AUD/USD Extends Tuesday’s Decline
The AUD/USD pair struggles to regain the 0.7600 level at the start of the European session on Wednesday. Earlier in the day, it hit a fresh seven-week low around the 0.7585-80 region.
The pair is extending Wednesday’s 1.50% selloff as general risk aversion in global markets continues to prop up demand for the safe-haven US dollar.
Several factors remain at play this week that threaten the global economic recovery. They reduce investor appetite for perceived riskier assets such as the Australian dollar.
One of them is the third wave of coronavirus in Europe. Meanwhile, concerns about the side effects of covid vaccines have led many key economies to halt their vaccination campaigns.
In addition to the markets’ nervousness, China’s growing concerns weigh on the Australian dollar. The United States, the European Union, the United Kingdom, and Canada have sanctioned Chinese officials for human rights abuses.
Meanwhile, Bloomberg reports that Beijing has failed to meet the US purchasing target agreed to in phase one of the trade deal, contributing to the AUD/USD slide.
On the other hand, markets have ignored upbeat Australian trade data, and the release of the manufacturing PMI as a weakness in the NZD also remains a drag on the AUD.
Critical US macroeconomic data will be released today ahead of Fed Chairman Jerome Powell’s second statement. On Tuesday, Powell repeated that an expected rise in inflation in the short term would be transitory.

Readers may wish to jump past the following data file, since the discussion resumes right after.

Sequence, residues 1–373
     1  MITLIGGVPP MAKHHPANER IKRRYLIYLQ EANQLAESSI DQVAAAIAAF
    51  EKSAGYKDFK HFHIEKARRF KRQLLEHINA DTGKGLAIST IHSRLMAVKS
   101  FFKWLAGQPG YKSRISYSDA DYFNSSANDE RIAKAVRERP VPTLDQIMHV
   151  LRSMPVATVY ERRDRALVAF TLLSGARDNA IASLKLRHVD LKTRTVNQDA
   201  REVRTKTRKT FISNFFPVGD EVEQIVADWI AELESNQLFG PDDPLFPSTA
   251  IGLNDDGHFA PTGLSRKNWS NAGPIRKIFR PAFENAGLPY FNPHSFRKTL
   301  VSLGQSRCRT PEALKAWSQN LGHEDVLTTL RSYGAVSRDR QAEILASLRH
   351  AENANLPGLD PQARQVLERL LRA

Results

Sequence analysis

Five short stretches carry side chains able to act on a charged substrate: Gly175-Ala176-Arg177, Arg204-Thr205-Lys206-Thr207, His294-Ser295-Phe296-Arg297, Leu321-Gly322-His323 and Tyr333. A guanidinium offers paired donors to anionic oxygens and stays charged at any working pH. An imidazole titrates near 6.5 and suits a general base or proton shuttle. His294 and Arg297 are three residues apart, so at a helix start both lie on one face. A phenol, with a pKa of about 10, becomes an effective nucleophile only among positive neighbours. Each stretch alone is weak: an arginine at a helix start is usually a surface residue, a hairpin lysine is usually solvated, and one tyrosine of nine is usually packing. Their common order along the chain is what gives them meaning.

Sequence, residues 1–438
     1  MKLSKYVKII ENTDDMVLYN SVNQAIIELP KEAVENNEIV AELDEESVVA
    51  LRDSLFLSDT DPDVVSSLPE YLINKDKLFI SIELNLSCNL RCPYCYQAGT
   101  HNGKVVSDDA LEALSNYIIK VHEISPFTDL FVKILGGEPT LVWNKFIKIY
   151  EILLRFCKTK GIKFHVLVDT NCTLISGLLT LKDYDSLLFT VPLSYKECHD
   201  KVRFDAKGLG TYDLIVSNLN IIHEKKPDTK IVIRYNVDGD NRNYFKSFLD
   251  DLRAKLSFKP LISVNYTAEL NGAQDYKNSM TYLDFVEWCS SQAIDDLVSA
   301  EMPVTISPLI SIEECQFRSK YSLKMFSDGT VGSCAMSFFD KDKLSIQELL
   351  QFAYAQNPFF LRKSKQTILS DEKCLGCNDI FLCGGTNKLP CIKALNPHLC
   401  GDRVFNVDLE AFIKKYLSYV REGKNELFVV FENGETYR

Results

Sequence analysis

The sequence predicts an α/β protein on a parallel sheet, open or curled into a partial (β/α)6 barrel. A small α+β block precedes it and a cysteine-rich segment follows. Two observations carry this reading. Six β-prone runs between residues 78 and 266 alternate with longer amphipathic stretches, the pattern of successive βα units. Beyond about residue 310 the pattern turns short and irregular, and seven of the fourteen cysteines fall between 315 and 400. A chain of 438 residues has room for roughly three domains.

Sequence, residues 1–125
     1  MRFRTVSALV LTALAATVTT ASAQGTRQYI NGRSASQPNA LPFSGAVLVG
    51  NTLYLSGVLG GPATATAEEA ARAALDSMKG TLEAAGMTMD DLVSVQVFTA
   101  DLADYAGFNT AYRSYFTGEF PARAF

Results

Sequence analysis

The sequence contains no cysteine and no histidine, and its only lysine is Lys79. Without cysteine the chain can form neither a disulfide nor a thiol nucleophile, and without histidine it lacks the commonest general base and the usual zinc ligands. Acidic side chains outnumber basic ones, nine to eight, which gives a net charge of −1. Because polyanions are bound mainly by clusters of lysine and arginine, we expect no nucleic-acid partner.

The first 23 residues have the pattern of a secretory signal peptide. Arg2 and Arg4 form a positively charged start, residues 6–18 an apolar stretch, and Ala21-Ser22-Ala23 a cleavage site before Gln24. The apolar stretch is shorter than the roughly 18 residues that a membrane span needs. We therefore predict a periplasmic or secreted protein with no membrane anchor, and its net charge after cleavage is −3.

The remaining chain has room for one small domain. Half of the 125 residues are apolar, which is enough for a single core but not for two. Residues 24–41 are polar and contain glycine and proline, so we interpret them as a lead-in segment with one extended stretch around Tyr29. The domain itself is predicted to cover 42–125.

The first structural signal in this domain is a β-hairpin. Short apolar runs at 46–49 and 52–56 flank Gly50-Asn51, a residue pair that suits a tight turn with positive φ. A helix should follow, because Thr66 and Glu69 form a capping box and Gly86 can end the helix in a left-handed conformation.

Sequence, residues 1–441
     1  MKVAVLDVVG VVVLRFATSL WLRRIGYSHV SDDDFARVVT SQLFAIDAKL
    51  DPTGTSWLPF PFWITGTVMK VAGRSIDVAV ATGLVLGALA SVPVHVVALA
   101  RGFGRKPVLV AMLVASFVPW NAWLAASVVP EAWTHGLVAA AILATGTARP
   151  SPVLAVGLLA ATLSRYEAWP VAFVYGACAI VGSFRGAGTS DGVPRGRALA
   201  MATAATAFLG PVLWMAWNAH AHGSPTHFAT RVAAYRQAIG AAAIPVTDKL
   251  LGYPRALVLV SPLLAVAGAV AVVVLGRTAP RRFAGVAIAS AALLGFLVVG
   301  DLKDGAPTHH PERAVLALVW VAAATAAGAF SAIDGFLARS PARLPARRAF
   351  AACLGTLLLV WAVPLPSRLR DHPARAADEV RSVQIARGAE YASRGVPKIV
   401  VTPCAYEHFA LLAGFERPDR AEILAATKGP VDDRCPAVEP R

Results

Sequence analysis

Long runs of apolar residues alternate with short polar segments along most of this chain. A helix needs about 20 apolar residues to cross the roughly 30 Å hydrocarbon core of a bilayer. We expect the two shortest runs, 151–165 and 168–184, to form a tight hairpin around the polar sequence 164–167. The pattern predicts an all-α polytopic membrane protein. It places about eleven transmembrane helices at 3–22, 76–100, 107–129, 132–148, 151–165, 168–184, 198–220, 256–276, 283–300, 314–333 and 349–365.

Australian economy recovered healthily from the coronavirus pandemic. The country received a boost to its vaccine rollout efforts earlier this week. However, as previously mentioned, the shot has run into road bumps, which may explain some of the Aussie-Dollar weaknesses.
Investors worry about Europe’s economic reopening
Concerns over the global economic recovery progressed on Tuesday. According to the National Institute of Allergy and Infectious Diseases, AstraZeneca’s disclosures may have included outdated data after obtaining information from the company’s independent data-monitoring board.
The vaccine error caused energy markets to dive. Crude and Brent oil prices sank over 6%. The brutal hit on oil prices fell the small-cap Russell 2000 index over 3.5% during Tuesday’s New York trading session. The tech-heavy Nasdaq dropped 0.53% lower. Meanwhile, the S&P 500 and Dow Jones fell 0.76% and 0.94%, respectively.
Elsewhere, the safe-haven US Dollar moved higher in response to the risk aversion introduced into markets.
Investors are concerned that Europe’s economic reopening will be curbed. It’s because the AstraZeneca shot is the primary vaccine in the continent. Besides, treasuries received strong bids across the curve. It pushed yields lower.
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